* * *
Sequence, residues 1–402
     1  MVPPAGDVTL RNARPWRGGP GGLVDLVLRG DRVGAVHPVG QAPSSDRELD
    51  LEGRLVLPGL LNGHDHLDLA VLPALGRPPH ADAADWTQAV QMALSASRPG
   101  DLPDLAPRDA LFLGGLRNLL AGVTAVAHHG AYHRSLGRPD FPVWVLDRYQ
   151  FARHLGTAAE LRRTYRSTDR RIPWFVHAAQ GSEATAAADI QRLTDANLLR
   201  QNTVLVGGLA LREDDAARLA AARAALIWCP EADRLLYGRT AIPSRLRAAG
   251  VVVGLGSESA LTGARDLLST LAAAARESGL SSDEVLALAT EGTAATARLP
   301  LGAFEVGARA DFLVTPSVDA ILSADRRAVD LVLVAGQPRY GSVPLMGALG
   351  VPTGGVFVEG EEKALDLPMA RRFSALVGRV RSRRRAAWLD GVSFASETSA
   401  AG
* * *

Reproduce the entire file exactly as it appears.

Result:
Sequence, residues 1–402
     1  MVPPAGDVTL RNARPWRGGP GGLVDLVLRG DRVGAVHPVG QAPSSDRELD
    51  LEGRLVLPGL LNGHDHLDLA VLPALGRPPH ADAADWTQAV QMALSASRPG
   101  DLPDLAPRDA LFLGGLRNLL AGVTAVAHHG AYHRSLGRPD FPVWVLDRYQ
   151  FARHLGTAAE LRRTYRSTDR RIPWFVHAAQ GSEATAAADI QRLTDANLLR
   201  QNTVLVGGLA LREDDAARLA AARAALIWCP EADRLLYGRT AIPSRLRAAG
   251  VVVGLGSESA LTGARDLLST LAAAARESGL SSDEVLALAT EGTAATARLP
   301  LGAFEVGARA DFLVTPSVDA ILSADRRAVD LVLVAGQPRY GSVPLMGALG
   351  VPTGGVFVEG EEKALDLPMA RRFSALVGRV RSRRRAAWLD GVSFASETSA
   401  AG